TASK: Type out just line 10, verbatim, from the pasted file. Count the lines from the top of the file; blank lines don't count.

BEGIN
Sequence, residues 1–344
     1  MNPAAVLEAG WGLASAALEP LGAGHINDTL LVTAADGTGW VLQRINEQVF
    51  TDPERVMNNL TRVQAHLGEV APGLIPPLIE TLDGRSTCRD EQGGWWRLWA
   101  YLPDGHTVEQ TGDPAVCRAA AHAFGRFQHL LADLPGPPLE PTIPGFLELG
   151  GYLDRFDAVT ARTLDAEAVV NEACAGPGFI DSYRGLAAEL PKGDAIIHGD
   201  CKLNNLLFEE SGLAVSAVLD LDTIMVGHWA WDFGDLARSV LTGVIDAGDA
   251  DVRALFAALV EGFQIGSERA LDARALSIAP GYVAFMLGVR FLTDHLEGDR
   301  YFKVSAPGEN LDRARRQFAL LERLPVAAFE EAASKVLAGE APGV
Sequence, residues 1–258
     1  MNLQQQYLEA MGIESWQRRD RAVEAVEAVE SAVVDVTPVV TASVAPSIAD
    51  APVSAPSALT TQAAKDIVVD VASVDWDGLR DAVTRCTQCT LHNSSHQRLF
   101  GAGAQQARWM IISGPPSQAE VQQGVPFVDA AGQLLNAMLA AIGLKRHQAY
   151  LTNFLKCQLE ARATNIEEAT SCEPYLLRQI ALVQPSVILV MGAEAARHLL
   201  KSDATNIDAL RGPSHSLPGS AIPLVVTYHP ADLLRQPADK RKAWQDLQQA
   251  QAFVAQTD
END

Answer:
     1  MNLQQQYLEA MGIESWQRRD RAVEAVEAVE SAVVDVTPVV TASVAPSIAD